Every Sunday, Bill and his wife Janice walk into church with their 2.5 kids and sit thorough a hour long sermon.  There is a kids ministry which teaches age appropriate biblical-themed curriculum to their kids.  The coffee is good, the band is better, and the Pastor is a nice guy who teaches about God, Jesus, and living the life God has called you to live.  After the service, Bill and Janice gather up the kids, shake some people’s hands, hop into their car, and go out for a nice lunch.

Seems like a normal Sunday for millions of Americans.  After all, 40% of Americans report they are regular church attenders.  That’s a pretty nice number.  Almost half?  Sweet!  Only the numbers are deceiving.  There is a fundamental flaw in human psychology.  Americans tend to over-report socially desirable behavior like voting and attending church and under-report socially undesirable behavior like drinking.  That nice 40% number is actually closer to 18% if you take “regular church attendance” to mean weekly attendance.  For the sake of argument, we will assume “regular church attendance” means 3 of the last 8 weeks (aka less than half).  The number only increases to about 25%.  Where are all the people?

Churches used to be the center of a community. Every time a new city would pop up, one of the first building erected was a church; usually close to the center of town.  The church has proper facilities for the community to use.  It was a place where people gathered to do life together.  Church wasn’t something you did on Sunday, it was part of who the community was.  Those days are in the past for the majority of Americans.  Now, most Americans see church as just another thing for them to do (if they even do it at all).

*Side note, about 25% of Americans say they attend a small group gathering weekly and rarely or never attend a corporate worship service.  Very interesting.

So how do churches become the center of the community once again?  Some say it cannot be done.  I think it has more to do with the mindset of the leadership and their willingness to think outside the box.  If a church has decided to make their stand, fold their arms, and stubbornly refuse to change their model, they will die out.  If they are willing to sit back and take inventory of where culture  and the community is headed, they will be able to get back into the center of it all.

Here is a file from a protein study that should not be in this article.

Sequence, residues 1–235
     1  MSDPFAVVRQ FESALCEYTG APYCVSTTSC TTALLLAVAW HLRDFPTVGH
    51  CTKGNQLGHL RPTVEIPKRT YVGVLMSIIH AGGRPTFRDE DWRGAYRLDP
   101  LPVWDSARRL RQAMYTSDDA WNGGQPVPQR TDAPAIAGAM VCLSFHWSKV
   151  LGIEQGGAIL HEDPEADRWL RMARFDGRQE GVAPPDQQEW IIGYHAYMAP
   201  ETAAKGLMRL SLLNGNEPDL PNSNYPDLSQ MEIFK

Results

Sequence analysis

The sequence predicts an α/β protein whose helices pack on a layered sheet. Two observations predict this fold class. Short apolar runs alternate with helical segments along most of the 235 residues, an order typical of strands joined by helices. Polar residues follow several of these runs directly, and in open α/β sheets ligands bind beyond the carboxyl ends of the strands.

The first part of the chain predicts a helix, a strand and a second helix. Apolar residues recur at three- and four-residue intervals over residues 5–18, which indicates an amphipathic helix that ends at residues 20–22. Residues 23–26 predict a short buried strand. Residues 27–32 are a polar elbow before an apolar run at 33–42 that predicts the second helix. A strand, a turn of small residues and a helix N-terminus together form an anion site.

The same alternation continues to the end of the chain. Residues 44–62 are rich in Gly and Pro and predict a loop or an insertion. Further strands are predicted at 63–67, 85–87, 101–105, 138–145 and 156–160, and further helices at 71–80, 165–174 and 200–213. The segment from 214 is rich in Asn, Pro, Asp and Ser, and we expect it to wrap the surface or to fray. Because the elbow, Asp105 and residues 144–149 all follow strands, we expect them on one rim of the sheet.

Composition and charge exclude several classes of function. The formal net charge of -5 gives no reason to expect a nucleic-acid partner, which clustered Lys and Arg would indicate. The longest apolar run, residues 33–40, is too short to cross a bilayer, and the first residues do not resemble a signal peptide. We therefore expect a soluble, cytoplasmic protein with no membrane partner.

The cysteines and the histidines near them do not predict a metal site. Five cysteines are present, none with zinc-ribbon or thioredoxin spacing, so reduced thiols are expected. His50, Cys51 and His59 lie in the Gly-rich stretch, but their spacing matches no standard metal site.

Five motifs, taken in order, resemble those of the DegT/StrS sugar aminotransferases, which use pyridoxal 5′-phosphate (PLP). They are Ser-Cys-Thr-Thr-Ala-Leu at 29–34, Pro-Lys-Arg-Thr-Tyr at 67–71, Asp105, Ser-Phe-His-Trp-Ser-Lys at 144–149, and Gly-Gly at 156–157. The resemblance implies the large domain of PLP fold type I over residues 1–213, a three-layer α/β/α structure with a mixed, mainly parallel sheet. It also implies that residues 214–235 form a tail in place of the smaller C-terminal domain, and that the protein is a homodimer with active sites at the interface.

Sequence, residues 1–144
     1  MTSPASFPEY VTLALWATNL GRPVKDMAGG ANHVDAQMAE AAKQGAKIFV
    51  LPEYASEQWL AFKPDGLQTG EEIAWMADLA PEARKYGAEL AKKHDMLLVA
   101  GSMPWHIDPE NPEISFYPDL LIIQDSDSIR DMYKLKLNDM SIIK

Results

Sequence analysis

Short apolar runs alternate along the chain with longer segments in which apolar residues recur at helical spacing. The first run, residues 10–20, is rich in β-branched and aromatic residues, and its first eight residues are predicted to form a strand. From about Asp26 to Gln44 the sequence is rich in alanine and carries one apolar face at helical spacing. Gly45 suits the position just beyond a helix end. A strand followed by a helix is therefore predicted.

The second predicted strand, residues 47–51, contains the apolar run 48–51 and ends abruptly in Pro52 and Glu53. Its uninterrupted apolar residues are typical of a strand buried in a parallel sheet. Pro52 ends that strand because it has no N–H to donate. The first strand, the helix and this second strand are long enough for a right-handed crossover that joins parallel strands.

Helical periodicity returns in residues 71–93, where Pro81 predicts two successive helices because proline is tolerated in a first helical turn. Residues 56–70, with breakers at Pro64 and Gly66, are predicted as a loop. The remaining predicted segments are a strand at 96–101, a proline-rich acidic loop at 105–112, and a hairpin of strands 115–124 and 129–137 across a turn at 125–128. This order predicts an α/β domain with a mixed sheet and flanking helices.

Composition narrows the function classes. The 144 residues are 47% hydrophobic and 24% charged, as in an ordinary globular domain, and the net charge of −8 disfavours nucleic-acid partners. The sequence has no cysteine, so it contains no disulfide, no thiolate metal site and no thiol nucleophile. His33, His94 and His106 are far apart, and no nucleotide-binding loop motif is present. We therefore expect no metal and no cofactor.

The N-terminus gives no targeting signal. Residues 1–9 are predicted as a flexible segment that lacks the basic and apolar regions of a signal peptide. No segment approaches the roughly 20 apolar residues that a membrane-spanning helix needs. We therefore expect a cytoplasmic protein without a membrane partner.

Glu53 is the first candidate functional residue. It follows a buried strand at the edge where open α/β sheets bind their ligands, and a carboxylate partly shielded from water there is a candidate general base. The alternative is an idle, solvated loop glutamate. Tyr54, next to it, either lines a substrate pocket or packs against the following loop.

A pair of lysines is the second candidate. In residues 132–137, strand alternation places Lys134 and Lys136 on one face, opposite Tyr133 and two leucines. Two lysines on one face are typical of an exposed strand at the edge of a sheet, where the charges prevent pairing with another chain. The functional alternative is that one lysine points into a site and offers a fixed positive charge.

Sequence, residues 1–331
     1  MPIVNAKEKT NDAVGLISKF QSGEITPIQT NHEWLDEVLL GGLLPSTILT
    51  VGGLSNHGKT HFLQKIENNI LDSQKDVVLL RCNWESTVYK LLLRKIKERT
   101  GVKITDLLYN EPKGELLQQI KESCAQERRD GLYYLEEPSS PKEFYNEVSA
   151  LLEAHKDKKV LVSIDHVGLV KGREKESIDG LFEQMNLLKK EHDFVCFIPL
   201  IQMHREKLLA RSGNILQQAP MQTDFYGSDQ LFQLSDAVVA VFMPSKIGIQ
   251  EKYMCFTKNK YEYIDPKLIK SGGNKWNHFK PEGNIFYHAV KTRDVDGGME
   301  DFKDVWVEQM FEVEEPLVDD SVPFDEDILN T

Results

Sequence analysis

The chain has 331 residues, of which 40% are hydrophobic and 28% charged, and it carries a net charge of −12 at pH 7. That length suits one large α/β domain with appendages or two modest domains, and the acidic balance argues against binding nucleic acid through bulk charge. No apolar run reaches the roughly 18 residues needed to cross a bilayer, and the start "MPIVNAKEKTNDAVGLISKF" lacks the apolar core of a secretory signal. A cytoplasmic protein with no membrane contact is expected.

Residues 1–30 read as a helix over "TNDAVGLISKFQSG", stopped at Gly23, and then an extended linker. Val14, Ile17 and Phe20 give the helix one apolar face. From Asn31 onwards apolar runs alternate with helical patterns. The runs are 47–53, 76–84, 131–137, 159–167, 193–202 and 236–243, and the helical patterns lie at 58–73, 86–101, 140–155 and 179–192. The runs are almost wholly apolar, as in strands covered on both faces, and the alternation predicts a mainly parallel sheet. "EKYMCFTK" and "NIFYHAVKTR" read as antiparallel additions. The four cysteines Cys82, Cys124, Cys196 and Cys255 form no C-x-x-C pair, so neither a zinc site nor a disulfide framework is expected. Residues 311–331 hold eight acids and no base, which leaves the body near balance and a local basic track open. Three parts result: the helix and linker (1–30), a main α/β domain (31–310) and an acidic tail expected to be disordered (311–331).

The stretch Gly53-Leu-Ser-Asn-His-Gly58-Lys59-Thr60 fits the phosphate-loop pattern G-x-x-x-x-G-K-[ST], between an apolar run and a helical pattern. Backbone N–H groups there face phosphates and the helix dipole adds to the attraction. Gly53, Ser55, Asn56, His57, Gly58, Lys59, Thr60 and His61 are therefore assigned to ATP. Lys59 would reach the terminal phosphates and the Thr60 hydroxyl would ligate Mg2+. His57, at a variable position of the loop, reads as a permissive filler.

See the days of culture conforming to the church are OVER.  Churches had better find a way to redeem what is happening in culture or they will quickly find themselves struggling to keep the lights on.  I’m not proposing churches just become reactionaries and embrace all of the stuff culture tell people to do but here is the reality; things are things.  Facebook isn’t good or bad.  Instagram isn’t good or bad.  A car isn’t good or bad.  There is no reason for churches to shy away from interacting with culture where they are.  People are what make things good and bad.  The internet isn’t good or bad but the people on it sure can skew it one way or the other.

Churches also need to realize the days of “build it and they will come” are gone.  No one cares about your building except your people.  A non-church attendee isn’t going to see your building and magically want to come there.  What WILL happen, statistically speaking, is that same person will come to your building if they are asked to come by one of their friends.  I wonder what would happen if churches invested the same amount of money in people as they do buildings?  $11M would go a long way in renovating a community center or building a community space.

Churches need to realize they aren’t the center of attention any longer.  The majority of Americans don’t even darken the doors of a church.  So if the church wants to keep up with population growth, they had better start thinking of ways to get back into the community and stop expecting people to just show up.

Categories: The Oak House

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